Lopez rejoined the starting lineup for the first time since opening night and played 20 minutes in his third game since returning from back surgery.
He scored 15 points on 6-of-10 shooting, including all 11 points for the team in the opening 3½ minutes of the third quarter.
On the other end of the court, Antetokounmpo’s absence and Lopez’s restricted minutes opened things up for Minnesota all-star Karl-Anthony Towns.
The 6-foot-11-inch center scored 25 points on 6-of-12 shooting. He had been averaging over 27 points per game since the all-star break, including a 60-point outburst Monday in San Antonio.
Dynamic shooting guard Anthony Edwards scored 25 for the Timberwolves, and he and Towns were joined by D’Angelo Russell (16), Naz Reid (14) and Taurean Prince (14) in double figures.
In the decisive third quarter the Timberwolves went 6-for-9 from behind the three-point line to double up their halftime lead and take a 106-82 lead into the fourth quarter.
Despite Lopez’s best efforts to get the Bucks into the game in the early going, Timberwolves made 6 threes in the opening five minutes of the quarter.
The defending champions couldn’t keep pace, as Edwards made 3 threes in that stretch as they took a 90-69 lead at the 7:15 mark.
Budenholzer said: “For Brook to get up to 20 minutes, that was his next kind of hurdle. Then I thought his activity rolling to the basket, his finishing, his catching.
“The lob with he and Jrue that was very high level for him to have the ability to go up and catch it or control-tip it. So, I thought some really good things.”
The Bucks never really challenged after that, though they cut it to 98-82 after triples from Serge Ibaka and Wesley Matthews, but Timberwolves ended the quarter with eight straight points to effectively end the game as Budenholzer pulled his starters to open the fourth quarter.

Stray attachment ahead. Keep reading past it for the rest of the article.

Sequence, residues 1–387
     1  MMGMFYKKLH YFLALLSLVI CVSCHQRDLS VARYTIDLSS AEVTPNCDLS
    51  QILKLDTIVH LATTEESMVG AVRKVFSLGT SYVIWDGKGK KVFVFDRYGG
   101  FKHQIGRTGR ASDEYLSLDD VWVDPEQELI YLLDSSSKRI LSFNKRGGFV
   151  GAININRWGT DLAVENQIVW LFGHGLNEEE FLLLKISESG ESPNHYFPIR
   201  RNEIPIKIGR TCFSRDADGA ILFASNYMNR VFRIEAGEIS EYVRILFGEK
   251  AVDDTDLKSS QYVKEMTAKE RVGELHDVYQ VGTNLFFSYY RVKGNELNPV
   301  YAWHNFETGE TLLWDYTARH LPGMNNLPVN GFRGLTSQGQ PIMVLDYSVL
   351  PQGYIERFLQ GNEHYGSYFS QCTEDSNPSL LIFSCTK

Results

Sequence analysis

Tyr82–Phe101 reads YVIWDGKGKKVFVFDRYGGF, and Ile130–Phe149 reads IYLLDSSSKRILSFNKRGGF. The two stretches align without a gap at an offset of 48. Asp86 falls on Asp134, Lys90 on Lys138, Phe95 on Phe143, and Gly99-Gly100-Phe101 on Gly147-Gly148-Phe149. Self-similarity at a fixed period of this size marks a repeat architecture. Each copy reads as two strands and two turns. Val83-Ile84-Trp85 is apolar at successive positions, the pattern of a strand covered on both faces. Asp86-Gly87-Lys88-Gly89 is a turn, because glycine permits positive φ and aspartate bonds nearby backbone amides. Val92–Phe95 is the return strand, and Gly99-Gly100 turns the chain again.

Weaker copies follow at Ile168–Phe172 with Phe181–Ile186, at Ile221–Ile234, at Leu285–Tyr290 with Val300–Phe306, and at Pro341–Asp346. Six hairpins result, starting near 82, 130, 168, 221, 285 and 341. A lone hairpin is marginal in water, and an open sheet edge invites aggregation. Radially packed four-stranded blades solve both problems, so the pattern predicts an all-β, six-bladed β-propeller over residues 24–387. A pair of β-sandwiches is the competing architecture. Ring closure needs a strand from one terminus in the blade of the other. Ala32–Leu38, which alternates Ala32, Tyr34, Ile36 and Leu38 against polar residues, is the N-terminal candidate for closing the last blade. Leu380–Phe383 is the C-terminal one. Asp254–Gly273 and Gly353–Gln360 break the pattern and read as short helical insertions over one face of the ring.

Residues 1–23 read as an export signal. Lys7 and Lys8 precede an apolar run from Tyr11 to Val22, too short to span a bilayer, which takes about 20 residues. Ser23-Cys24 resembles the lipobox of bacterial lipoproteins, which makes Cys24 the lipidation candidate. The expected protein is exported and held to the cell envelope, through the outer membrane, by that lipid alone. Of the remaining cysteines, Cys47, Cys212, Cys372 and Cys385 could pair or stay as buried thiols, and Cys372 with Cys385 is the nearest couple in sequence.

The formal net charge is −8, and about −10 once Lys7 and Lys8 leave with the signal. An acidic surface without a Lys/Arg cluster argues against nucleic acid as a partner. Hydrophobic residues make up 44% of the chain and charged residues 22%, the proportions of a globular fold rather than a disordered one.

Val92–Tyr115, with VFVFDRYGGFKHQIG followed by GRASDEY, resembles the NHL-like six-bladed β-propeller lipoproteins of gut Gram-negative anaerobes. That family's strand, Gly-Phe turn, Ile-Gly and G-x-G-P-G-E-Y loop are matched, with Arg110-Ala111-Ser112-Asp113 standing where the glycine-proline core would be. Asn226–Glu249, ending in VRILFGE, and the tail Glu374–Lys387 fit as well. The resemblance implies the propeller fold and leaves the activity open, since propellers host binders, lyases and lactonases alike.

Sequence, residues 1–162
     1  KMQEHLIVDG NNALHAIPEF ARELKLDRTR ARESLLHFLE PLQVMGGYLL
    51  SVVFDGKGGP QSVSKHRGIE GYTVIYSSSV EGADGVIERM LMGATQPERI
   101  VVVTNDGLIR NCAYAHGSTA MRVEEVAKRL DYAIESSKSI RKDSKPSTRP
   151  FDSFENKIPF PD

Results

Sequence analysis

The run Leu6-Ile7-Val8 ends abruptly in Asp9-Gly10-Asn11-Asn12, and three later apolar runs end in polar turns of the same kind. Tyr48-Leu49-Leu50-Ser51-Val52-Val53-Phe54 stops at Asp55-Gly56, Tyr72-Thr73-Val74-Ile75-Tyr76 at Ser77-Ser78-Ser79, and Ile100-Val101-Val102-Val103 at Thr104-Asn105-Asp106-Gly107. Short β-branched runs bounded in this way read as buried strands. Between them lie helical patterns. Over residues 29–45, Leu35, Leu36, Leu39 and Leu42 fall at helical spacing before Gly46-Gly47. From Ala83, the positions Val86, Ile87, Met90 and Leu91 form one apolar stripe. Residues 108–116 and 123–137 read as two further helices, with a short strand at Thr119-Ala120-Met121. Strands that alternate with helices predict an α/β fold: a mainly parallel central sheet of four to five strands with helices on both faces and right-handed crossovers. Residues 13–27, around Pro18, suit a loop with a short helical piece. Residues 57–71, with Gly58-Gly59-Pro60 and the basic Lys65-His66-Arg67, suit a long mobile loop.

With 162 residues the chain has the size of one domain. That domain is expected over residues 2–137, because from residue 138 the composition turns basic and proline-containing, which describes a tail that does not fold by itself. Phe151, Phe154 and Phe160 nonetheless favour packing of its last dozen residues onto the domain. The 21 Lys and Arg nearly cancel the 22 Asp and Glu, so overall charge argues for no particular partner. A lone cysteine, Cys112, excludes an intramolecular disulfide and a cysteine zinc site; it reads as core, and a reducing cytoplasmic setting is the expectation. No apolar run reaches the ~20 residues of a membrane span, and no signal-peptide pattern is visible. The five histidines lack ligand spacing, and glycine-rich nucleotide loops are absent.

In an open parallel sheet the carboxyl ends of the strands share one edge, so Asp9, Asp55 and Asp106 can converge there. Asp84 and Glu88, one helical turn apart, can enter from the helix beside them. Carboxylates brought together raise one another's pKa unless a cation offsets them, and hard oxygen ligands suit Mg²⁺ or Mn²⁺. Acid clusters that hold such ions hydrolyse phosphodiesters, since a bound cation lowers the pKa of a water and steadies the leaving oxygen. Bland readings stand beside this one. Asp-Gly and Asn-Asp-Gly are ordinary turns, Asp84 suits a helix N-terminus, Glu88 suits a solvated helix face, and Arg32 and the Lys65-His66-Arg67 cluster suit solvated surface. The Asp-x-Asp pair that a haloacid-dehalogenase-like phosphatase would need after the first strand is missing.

Lopez returned for a few more minutes but the day was over for Middleton, Holiday, Allen and Bobby Portis.
Allen finished with 13 points and Portis had 10 rebounds but scored four points on 2 of 10 shooting.
Minnesota’s coach, Chris Finch did play his starters for the bulk of the fourth quarter, but the teams essentially traded baskets throughout, as The Timberwolves pulled their main group with 3:36 to go.
The Bucks struggled to defend without fouling when the starters were in the game, and The Timberwolves went 22-for-26 from the free throw line while the Bucks were 14-for-17.
The third quarter three-point barrage also helped the Timberwolves make 22 threes, as they shot 46.8% from beyond the arc. The Bucks were 19-for-52 (36.5%) from behind the three-point line.
Minnesota also scored 21 points off 14 Milwaukee turnovers and 24 points off second-chance opportunities.
“I think tonight Minnesota’s activity defensively, their ability to kind of be disruptive and create turnovers, I think you’ve got to give those guys some credit,” Budenholzer said.
“It’s impressive. We’ve gotta be stronger with the ball, take care of it better. I think that and the offensive boards kind of stood out to me. And they’re good.
“They’ve got a good thing going right now, they’re in a good rhythm. But the turnovers were a big part of them kind of allowing them to get separation from us.”